Transfast’s reputation of being an innovator was established when it became the first money transfer company to offer instant bank transfers, back in 2009. Transfast continues to expand its footprint across India and is in 45,000 locations. Samish dreams to reach people in every corner of India. He adds “India is a large country with more than 600,000 villages, and almost half of the population lives in rural areas. Having a network that’s able to serve customers in the most remote part of the country where there is little bank coverage enables us to play a role in building financial inclusion.”
Best of Both Cultures
Samish says that it is no surprise that America is considered the hotbed of entrepreneurship in the world as he thinks America is an incredible country where everything and anything is possible, irrespective of where you come from or what your personal background is. He adds “For an entrepreneur, America has an ecosystem which helps foster a supportive culture for entrepreneurship. People are open-minded about backing ideas from both proven entrepreneurs as well as from those without a track record. There’s access to capital and as importantly, access to advice. There’s no place like the U.S. for an entrepreneur, anywhere in the world.The country offers a big market across all industries, and it’s a culture where you’re never held back by the fact that something hasn’t been done before. The U.S. is the place for innovators. In the U.S., there’s emphasis on education, but also an equal acceptance and open-mindedness toward someone with great ideas even though they might not have the “right” educational pedigree. There’s an American openmindedness in listening to their ideas and not dismissing them solely because they don’t have the traditional education. Many entrepreneurs and CEOs don’t have Ivy League degrees and they are incredibly successful”.
He feels that India is producing some very good entrepreneurs and that India is an environment where you have to adapt to survive and thrive. He opines “ It produces people who are able to adapt to different cultures. India is a complex place, so you have to adapt and compromise and get along. There are millions of people on the streets every day — adapting and compromising allow you to make it. In India, there’s a real appreciation for hard work. Plus, you have to be pragmatic if you live in India. Pragmatism is one of the qualities that helps India be so successful. Another strength is the emphasis on education which is a big plus for India”.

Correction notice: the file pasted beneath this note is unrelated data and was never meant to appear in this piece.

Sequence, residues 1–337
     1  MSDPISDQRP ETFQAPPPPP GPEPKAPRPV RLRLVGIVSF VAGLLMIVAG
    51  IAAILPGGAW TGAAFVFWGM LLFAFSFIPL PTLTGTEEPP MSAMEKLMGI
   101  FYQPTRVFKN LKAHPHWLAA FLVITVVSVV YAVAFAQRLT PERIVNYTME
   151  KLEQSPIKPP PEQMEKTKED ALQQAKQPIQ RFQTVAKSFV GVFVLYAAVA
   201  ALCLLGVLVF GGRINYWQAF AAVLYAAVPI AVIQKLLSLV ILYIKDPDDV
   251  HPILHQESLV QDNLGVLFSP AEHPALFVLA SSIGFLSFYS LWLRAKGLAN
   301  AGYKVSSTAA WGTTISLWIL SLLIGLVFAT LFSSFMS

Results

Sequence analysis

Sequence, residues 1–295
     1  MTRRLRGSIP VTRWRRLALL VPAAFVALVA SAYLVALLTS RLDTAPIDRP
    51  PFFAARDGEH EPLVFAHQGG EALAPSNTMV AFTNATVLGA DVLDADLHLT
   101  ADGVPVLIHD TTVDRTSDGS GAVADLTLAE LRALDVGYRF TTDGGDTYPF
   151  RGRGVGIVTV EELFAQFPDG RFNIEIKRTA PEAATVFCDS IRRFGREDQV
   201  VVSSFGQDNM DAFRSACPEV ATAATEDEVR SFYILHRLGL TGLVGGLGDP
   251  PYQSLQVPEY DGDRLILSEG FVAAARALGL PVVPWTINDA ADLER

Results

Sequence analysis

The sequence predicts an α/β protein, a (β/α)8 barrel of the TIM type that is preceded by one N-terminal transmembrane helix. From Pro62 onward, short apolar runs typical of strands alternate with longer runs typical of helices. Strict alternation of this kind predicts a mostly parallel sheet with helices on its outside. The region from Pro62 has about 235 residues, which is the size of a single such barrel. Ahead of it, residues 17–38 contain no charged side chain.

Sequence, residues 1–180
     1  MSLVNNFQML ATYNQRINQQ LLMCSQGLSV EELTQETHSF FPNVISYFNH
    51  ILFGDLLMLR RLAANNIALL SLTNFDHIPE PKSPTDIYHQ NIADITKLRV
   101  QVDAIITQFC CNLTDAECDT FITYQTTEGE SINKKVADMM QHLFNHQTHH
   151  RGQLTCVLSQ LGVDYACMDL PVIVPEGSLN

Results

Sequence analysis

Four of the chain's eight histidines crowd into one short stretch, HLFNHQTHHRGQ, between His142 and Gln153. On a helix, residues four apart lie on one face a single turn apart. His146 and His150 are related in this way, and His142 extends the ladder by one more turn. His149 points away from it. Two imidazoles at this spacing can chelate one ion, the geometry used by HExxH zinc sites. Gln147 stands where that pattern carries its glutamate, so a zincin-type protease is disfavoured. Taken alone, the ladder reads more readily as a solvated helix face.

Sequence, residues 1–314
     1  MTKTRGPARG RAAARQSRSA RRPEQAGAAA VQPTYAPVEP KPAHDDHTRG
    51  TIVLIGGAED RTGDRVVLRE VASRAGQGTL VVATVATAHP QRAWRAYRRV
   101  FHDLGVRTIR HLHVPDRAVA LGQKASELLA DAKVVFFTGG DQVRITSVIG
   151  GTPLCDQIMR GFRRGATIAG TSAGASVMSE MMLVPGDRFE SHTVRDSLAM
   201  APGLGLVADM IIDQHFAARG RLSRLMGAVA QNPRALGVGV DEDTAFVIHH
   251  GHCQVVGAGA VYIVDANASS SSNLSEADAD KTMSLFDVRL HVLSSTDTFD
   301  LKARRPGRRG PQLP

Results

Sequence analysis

Advice to Aspiring Entrepreneurs
Samish has worked hard to reach where he is today and he did not let his dreams fade away. He advises “You’ve got to dream and believe in your dreams. You have to be a hard worker. Hard work trumps everything else, and focus is critical. There will be bumps along the road and possibly even failures. You have to get up and push ahead. It’s important to have the dream, the persistence and passion. You can’t do it just for money. Yes, money is important — but it can’t be the only thing driving you”.
“Today’s India is a very different place than it was when I grew up, and there are positive cultural changes that bode well for entrepreneurship. I see a greater acceptance of entrepreneurs and more tools at their disposal. Traditionally, there was emphasis on going to work for an established company. There’s nothing wrong with that, but the exposure you get at small companies or from being an entrepreneur is starting to gain real respect in India”.
He advises, “What’s important as an aspiring entrepreneur is how you take advantage of your experiences, whether at a big company or small company. Ask yourself what you’ve learned from those experiences and apply them to an entrepreneurial role. There’s no one way to become an entrepreneur — there are many paths, all of them potentially beneficial”.